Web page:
A stripper’s chaperone has settled a federal lawsuit against four off-duty Brookline police officers whom he claimed assaulted him at a bachelor party in 2010.
Under the terms of the settlement, the police officers agreed to pay Robert Sonia, of Lynn, an undisclosed amount, said attorneys for both sides Tuesday.
Sonia filed the suit in U.S. District Court in April 2011 saying the four police officers assaulted him before conspiring to concoct a story that would lead to his arrest.
“He’s happy to have it resolved,” said attorney Michael Tumposky who along with John Saliba represented Sonia in the case. “It was a long process for him and he’s happy to put this part of his life behind him.”
Sonia’s suit stemmed from events on March 28, 2010, when Sonia says the officers - Daniel Avila, Brendan Kelliher, David Hill, and Yu Kajita - called Shamrock Entertainment in Lynn to request a stripper. Sonia accompanied the woman, Theresa Soundis, to a Beacon Street apartment at about 4:30 a.m., but the four officers said the bachelor had left the party, and they canceled the entertainment.
Sonia said that after he and Soundis left the apartment and were attempting to drive away from the 1700 block of Beacon Street, the officers attacked him, leaving him with a broken eye socket and broken ribs. The officers said that Sonia had struck Hill first.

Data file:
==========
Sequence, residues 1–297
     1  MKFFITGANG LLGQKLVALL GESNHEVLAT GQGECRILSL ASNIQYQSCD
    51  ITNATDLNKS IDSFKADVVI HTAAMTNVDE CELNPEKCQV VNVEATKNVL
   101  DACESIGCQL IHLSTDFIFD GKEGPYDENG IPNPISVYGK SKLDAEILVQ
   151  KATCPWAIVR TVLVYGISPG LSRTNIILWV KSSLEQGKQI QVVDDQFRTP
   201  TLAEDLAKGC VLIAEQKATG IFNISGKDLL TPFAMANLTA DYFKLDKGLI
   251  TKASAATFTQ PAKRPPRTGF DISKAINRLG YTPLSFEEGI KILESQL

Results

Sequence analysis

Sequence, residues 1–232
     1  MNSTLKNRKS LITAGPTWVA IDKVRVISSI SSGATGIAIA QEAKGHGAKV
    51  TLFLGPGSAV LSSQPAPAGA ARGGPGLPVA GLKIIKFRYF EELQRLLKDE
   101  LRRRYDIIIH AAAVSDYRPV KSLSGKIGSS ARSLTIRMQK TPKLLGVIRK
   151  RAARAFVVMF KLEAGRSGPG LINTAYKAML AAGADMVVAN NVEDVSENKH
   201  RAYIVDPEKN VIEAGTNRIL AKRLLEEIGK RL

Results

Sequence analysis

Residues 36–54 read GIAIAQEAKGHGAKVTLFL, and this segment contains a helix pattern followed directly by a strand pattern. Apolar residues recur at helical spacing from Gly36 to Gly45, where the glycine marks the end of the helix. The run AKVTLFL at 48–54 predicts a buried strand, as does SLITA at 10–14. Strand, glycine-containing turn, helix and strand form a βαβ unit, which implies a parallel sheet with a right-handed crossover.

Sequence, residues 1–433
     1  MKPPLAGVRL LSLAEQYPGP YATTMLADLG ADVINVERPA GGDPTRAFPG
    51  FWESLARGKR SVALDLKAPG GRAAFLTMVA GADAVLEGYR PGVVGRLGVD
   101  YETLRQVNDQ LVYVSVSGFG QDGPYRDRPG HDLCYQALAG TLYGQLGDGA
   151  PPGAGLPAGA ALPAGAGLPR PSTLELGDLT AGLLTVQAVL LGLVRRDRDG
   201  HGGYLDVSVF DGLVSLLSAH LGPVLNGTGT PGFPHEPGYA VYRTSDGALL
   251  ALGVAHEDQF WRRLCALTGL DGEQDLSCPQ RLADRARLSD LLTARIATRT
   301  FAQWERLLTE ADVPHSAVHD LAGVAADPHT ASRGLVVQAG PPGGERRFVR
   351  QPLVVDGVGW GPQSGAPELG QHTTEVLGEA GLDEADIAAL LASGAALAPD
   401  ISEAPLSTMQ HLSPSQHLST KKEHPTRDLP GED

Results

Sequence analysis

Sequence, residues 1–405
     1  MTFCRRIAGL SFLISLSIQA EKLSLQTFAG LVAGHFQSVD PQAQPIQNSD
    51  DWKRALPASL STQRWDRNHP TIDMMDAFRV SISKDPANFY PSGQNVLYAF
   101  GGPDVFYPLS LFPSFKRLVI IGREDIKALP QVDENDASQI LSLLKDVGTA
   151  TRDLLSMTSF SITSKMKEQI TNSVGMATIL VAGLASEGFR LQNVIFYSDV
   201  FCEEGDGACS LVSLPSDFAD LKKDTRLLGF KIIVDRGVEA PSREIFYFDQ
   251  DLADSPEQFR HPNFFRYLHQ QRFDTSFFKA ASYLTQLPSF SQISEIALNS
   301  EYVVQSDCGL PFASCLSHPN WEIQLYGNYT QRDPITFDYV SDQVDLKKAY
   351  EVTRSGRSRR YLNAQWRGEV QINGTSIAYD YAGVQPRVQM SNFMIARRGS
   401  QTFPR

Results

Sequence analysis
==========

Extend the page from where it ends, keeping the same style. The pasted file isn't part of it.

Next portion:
The Brookline Police Department initially placed the four officers on paid administrative leave and charged Avila and Kelliher with assault. At the same time, Sonia was charged with assault and battery and threatening to commit a crime, and Soundis was charged with operating to endanger. All of the charges were dropped in June 2010 at the request of all of the parties involved.
But Sonia then filed the federal suit against the four officers and the town of Brookline, saying the town failed to train the officers properly and failed to take disciplinary action against them after they used excessive force. U.S. District Court Judge Nathaniel M. Gorton dismissed the claim against the town in September of 2012, saying Sonia’s injury was not caused by a municipal policy, custom, or failure to train the officers properly, according to court records.
The suit against the four officers had been scheduled to go to trial in April, but Tumposky said negotiations that had been underway for a couple of months led to the settlement, which was finalized last Wednesday, April 24. He said the check for the settlement has already been received.
Kenneth Anderson, the attorney representing the four police officers, said the four officers continue to work for the Brookline Police Department and are well-liked and well-respected.
Anderson said each of the officers paid a nominal amount to settle the lawsuit. He said the decision to settle the case was based on risk assessment, but he declined to say how much the officers agreed to pay.
“It wasn’t for a lot of money,” Anderson said.